By God’s grace we survive.
The phrase was spray-painted across the door of a Bowling Green home left gutted and roofless after the December 2021 tornado outbreak. Grace Ramey, a photographer for the Bowling Green Daily News, captured the scene as she wandered her own devastated neighborhood.
Ramey’s photo now hangs in the lobby of Jody Richards Hall, part of the School of Media’s most recent gallery about the disaster. Dozens of photos of struggle and hope from across the state are on display, submitted by career and student photojournalists.
Ramey left her home for the first time the morning of Dec. 11 to find her neighbors’ homes leveled and battered beyond recognition. She watched as volunteers and rescue crews poured in to search the rubble.
“[I saw] these men and women — brave men and women — come in with no thought for themselves, they were just so concerned with finding these people and helping them,” Ramey said, holding back tears. “Inspired by that, I thought ‘I need to be doing the same thing in my own way,’ and that was to go and grab my camera.”
Ramey spoke at the John B. Gaines Family Lecture Series installment, “When Disaster Strikes: Reporting community stories during the tornado”, held on March 31 in conjunction with the gallery.
Alana Watson, local host of WKU Public Radio’s “All Things Considered”, moderated the lecture, which included New York Times National Correspondent Rick Rojas and Paducah’s NBC-WPSD Chief Meteorologist Trent Okerson alongside Ramey.
Rojas has had no shortage of disasters to cover in the last year — he reported on Hurricane Ida in New Orleans, the Surfside condominium collapse in Miami and flooding in Waverly, Tennessee. He traveled to Mayfield following the tornado to “tell the story of people” who live there.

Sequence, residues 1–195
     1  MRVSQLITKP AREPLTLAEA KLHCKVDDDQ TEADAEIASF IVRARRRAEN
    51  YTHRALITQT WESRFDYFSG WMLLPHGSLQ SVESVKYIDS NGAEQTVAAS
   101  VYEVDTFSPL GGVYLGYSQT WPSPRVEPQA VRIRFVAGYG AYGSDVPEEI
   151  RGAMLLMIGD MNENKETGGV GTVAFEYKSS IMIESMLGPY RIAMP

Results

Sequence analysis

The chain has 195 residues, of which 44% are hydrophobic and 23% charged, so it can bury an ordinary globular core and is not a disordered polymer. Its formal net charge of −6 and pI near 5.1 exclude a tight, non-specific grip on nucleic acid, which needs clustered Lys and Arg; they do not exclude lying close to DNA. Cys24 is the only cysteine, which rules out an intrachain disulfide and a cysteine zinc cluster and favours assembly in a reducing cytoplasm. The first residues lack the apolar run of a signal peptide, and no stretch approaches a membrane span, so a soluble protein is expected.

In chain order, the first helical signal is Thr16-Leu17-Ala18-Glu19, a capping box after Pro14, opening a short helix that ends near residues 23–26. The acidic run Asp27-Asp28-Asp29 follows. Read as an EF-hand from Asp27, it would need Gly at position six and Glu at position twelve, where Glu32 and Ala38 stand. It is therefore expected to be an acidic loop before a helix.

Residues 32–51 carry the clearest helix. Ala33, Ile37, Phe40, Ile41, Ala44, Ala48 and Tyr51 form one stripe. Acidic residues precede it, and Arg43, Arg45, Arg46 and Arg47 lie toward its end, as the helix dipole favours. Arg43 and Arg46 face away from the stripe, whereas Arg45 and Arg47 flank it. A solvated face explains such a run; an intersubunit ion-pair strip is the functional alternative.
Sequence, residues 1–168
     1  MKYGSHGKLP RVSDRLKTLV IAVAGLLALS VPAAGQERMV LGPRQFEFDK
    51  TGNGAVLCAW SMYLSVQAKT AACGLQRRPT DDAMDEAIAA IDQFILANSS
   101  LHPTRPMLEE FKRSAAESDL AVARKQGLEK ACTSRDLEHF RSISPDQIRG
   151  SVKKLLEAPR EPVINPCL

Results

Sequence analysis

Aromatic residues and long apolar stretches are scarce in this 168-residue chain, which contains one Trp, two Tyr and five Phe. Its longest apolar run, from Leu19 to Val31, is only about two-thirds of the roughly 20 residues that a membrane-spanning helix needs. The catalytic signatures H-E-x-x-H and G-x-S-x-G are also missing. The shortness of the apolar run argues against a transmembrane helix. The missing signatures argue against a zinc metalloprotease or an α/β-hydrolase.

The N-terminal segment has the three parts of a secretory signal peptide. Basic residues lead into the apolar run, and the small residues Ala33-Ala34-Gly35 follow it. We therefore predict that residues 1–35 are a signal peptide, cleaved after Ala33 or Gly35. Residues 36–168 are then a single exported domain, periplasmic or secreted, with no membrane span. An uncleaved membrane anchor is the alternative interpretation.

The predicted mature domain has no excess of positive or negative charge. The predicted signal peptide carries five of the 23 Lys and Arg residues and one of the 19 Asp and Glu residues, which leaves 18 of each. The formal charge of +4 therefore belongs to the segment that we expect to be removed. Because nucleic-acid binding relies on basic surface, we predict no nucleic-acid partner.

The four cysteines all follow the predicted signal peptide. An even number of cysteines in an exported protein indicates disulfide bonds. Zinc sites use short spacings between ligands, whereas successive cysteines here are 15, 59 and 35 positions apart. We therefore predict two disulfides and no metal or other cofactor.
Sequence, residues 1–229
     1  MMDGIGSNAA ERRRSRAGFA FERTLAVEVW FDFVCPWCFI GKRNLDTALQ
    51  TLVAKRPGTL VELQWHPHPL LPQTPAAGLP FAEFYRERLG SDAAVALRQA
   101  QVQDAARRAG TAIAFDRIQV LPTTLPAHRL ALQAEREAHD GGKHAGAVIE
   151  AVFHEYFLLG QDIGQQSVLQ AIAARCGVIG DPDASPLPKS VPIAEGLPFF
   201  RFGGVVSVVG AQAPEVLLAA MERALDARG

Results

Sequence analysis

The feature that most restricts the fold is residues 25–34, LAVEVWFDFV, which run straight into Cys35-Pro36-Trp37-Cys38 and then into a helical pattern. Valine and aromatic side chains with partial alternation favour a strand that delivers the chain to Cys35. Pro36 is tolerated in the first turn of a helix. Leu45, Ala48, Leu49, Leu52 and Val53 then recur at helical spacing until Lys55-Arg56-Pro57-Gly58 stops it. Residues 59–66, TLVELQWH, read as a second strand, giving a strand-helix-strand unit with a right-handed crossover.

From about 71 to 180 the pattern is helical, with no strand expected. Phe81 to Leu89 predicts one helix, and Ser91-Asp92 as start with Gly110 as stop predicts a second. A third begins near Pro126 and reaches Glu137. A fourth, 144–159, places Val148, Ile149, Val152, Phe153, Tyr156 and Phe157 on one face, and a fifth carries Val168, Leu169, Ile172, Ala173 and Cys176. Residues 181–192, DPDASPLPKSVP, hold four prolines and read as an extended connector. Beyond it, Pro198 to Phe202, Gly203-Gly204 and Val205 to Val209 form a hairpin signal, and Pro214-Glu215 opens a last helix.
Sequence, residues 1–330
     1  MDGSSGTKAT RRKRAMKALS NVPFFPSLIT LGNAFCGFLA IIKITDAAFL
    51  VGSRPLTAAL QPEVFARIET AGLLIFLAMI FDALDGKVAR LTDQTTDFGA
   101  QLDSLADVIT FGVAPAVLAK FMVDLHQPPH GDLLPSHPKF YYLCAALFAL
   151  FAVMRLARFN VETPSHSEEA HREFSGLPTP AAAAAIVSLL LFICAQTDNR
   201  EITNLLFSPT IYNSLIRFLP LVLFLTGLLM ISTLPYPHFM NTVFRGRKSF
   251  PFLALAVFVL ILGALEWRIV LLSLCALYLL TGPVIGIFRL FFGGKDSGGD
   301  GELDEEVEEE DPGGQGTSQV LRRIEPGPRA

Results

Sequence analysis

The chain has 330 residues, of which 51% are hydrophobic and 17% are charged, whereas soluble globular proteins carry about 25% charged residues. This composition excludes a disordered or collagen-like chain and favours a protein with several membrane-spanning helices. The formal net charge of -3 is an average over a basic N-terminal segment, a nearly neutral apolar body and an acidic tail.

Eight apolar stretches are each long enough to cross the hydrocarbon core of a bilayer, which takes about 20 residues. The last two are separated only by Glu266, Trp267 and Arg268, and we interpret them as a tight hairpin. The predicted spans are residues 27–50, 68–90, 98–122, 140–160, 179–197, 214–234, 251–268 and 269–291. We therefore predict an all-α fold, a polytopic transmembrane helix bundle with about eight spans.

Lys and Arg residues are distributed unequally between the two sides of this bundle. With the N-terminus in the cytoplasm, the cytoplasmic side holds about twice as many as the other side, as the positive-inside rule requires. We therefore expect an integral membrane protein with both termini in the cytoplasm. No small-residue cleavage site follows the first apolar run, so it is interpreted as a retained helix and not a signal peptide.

“It was just one [destroyed building] after the next, how can a place really rebuild after that?” Rojas said.
The role of community-based journalists is a vital one, Rojas said. Journalists who know and live among the community use their writing to “tell a story that no one else can” and do so while also dealing with their own trauma and loss.
As a national correspondent, Rojas has a different role, but one no less important.
“I think there’s something cathartic about, after going through something that’s so rough, having an outsider want to understand, and having another human want to hear what you have to say,” Rojas said.
It’s easy for disaster reporting to fall short of capturing the deeper meaning behind the devastation, but Rojas said the real goal should be capturing humanity. The hardest part of reporting comes during the arduous recovery process when many news outlets start to move their attention elsewhere.
Stories about mental health, state aid programs, recovery efforts — “stories of hope” — are what Rojas feels are most important following a disaster.
“It’s difficult to tell these stories, because how do you tell a story just about slog, trudging along, while still grabbing readers’ attention?” Rojas said. “But it’s really important because that’s where the suffering endures, and I think that’s what we need to focus our attention on.”
Okerson warned residents near Paducah about the likelihood of a tornado nearly seven hours in advance. In December, Gov. Andy Beshear announced 76 deaths in Mayfield from the tornado. Without Okerson’s reporting, that number would have been higher.
One couple stopped him on the street to tell him that thanks to his reporting, they sought shelter at a friend’s house down the road. While there, the couple’s trailer home was wiped away — “they could not find it,” he said.